Ashe achieves hometown glory.
Namesake of US Open’s main stadium.
— USTA (@usta) June 19, 2019
Several elected officials were in attendance including renowned Georgia civil rights activist, John Lewis and former mayor of Richmond, Sen. Tim Kaine, who called the new name “an act of healing.”
Ashe’s nephew, David Harris Jr., help lead efforts to rename the street previously known simply as “Boulevard”.
At one end sits Byrd Park, with tennis courts where Ashe was denied access during his child due to segregation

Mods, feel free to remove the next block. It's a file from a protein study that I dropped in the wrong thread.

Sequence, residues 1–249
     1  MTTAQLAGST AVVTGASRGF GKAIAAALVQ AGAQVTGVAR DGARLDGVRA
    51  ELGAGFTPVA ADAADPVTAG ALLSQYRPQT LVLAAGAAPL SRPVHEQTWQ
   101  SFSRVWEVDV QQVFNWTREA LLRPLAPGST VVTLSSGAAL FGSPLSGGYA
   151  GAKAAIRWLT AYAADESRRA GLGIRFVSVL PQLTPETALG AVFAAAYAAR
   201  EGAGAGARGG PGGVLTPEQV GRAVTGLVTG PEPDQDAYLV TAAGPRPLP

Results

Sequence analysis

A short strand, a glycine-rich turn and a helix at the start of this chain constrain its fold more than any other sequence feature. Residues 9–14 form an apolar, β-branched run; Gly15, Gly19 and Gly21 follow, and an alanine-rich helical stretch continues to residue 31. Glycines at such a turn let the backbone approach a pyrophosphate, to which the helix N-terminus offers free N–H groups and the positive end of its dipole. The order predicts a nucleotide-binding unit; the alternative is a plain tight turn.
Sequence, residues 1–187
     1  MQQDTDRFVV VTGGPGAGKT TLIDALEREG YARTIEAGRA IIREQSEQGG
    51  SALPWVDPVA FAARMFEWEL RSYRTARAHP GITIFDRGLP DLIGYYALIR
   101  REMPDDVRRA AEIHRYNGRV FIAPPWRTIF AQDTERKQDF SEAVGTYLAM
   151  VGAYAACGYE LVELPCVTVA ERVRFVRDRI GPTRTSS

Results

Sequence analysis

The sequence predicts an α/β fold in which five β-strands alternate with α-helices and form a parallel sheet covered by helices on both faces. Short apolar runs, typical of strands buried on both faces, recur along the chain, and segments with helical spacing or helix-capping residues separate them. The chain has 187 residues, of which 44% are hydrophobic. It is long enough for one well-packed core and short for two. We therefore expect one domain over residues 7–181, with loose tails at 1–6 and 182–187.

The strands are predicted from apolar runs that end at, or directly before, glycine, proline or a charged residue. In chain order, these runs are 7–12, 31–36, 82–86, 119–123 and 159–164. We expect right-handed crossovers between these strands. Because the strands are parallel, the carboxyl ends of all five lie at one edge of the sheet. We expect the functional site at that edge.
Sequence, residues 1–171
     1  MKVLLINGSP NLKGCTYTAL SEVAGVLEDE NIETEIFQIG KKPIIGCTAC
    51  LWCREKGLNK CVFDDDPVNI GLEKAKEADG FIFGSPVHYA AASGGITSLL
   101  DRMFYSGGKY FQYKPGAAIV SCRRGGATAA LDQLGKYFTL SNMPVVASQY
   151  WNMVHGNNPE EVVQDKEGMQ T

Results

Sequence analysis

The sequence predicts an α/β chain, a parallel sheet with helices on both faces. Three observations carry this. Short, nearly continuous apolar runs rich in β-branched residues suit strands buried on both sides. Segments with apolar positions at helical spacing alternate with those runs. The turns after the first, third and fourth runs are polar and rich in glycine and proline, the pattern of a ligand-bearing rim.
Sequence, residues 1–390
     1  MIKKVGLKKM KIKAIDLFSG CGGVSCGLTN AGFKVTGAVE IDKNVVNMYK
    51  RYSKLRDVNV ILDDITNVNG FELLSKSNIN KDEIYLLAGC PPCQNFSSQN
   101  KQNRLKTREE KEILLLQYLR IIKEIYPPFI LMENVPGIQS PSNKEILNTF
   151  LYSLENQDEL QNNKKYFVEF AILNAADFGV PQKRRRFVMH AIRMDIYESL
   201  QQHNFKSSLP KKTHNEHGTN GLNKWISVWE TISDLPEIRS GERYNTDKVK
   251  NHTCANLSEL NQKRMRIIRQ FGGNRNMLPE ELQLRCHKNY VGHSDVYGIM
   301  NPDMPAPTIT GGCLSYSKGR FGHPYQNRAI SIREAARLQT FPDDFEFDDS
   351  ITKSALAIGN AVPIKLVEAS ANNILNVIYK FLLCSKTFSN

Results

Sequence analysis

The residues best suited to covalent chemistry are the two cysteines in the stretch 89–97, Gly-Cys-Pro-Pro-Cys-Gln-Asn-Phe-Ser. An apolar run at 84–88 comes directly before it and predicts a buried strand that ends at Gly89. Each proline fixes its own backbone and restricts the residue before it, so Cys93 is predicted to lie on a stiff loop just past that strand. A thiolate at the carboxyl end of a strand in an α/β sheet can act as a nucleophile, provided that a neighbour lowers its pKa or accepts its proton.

The Richmond City Council voted earlier this year to approve the name change over the objection of some residents. Stating that there were better ways to honor the late tennis player than legally changing the name of the street.
Ashe is was a well-known philanthropist, who promoted education and civil rights.
He was the first black player selected to the U.S. Davis Cup team and the only black man to ever win the singles title at the U.S. Open, Wimbledon and the Australian Open.
The newly named street comes at a time when Richmond, one-time capital of the Confederacy, has been struggling with calls to remove Confederate statues.